With news of fresh mass killings alternating with stories of significant arrests, the New York Times analyzes what it calls “the seesawing battle for the right to claim victory at a critical juncture in Mexico’s organized crime war.” Mexican and American officials, crediting American training of the military and what they consider to be an increasingly professional federal police force, point out that more than half of the 37 most wanted crime bosses announced last year have been captured or killed. The government also maintains that the murder rate declined in late 2010.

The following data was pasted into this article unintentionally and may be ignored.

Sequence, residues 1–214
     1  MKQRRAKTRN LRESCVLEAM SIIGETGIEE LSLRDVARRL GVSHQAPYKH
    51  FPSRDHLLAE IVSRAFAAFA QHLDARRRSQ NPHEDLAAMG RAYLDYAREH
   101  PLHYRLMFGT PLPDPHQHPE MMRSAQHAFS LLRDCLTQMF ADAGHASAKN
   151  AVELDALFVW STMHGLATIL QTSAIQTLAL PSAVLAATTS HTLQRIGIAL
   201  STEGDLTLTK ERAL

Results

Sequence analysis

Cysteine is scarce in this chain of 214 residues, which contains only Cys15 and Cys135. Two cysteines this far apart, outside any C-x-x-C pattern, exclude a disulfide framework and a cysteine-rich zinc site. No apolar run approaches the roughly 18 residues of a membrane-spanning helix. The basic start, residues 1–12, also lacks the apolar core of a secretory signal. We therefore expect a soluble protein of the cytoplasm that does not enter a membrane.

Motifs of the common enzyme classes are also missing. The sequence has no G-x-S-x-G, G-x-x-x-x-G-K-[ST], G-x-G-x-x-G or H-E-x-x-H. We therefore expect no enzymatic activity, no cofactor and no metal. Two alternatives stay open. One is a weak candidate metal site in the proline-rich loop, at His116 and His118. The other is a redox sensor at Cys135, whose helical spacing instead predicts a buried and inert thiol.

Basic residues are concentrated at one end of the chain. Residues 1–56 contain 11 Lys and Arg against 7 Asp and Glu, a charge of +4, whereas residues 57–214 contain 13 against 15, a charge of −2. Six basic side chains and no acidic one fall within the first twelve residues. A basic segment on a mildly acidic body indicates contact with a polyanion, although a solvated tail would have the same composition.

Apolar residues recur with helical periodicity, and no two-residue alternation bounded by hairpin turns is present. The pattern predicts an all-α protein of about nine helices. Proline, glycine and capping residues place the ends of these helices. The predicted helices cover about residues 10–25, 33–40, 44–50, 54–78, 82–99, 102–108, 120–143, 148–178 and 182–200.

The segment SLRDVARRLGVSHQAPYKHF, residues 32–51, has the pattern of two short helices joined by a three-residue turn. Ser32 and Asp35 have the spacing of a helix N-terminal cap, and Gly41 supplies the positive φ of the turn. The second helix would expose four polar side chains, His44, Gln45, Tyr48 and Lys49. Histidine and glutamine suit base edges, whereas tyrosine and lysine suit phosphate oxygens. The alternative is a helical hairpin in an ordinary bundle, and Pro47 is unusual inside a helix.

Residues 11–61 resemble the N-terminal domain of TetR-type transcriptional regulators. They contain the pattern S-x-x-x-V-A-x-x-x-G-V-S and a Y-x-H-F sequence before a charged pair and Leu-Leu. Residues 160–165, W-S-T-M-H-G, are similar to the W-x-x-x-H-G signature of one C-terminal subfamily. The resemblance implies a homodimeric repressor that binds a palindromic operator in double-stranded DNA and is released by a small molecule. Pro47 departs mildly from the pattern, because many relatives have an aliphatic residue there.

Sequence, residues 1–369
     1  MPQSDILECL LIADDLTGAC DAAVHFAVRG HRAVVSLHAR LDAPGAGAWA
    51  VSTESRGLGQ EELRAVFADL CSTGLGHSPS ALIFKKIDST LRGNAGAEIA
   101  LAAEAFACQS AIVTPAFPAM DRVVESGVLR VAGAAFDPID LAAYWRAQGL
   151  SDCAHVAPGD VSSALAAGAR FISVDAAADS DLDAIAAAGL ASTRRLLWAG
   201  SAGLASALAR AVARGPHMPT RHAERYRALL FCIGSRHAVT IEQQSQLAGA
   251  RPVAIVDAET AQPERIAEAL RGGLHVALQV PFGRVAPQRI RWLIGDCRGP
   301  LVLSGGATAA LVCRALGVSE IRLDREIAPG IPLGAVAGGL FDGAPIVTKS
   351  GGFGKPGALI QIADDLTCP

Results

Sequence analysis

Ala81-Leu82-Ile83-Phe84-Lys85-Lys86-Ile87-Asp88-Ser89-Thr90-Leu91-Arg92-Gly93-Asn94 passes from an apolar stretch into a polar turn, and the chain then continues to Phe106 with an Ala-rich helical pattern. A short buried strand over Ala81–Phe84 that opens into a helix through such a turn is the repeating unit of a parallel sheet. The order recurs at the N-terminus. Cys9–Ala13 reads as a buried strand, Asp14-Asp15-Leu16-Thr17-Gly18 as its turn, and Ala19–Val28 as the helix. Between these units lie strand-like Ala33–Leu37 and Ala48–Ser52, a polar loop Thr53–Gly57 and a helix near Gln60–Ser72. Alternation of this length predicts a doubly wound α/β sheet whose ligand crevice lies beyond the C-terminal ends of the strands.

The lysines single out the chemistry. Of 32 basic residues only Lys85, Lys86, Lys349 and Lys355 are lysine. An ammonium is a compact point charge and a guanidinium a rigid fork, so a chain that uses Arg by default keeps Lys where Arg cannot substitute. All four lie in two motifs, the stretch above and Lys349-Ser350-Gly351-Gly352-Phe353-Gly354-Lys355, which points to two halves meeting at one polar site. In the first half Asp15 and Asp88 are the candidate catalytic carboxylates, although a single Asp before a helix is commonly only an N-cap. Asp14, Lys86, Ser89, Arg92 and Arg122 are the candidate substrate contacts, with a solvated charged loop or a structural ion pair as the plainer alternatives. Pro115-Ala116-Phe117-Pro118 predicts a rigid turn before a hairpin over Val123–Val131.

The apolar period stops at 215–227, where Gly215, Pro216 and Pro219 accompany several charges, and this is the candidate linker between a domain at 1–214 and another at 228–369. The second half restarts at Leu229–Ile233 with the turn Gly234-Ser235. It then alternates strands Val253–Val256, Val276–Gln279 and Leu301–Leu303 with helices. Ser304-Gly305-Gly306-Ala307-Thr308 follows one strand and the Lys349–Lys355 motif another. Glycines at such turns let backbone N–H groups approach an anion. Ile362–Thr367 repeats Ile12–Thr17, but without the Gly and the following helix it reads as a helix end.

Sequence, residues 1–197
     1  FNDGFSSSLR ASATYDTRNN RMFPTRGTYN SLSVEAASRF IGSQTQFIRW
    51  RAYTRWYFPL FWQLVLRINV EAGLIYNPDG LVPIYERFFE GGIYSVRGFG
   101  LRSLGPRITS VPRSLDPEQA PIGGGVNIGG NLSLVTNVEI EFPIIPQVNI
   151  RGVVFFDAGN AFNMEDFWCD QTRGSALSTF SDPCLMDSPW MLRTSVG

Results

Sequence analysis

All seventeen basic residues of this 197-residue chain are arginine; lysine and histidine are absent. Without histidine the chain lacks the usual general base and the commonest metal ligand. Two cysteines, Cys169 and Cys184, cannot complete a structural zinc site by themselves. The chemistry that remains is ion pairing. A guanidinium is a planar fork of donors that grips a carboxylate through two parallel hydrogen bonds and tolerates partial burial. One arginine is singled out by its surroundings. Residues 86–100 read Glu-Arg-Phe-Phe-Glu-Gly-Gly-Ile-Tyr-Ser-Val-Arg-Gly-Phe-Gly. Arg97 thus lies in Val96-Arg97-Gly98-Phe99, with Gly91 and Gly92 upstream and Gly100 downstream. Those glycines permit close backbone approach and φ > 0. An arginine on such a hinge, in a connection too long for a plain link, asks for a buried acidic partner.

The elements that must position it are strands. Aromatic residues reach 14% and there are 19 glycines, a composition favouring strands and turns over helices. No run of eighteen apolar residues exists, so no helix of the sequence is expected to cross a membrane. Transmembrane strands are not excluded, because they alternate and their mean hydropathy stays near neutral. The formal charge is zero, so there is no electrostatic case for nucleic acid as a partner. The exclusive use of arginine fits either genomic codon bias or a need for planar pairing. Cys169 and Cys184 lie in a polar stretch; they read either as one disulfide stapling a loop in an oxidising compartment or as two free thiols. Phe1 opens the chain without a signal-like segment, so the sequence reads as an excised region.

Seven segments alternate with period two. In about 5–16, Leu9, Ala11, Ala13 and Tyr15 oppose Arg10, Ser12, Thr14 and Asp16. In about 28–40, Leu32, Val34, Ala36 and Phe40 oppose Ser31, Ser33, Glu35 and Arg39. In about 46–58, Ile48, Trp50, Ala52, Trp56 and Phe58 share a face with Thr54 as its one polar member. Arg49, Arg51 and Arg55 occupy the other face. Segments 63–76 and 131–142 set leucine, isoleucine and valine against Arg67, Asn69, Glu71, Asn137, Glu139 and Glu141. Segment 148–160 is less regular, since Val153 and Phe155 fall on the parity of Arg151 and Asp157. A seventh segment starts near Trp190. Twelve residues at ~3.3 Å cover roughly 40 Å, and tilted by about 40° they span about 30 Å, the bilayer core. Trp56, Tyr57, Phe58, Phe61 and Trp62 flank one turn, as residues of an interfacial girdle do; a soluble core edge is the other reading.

But the public does not seem to believe it. A recent poll found that more than 70 percent of respondents believed that the country's security had worsened since 2009. A political analyst called it “a disconnect between what the government thinks it is achieving and what the public perceives as happening.” Both Mexican and American officials are facing growing pressure to prove that their strategy is working. With Republicans now in control of the House of Representatives, the Obama administration will face renewed scrutiny to account for the $1.4 billion, multiyear Merida Initiative, the cornerstone of American aid in Mexico's drug fight.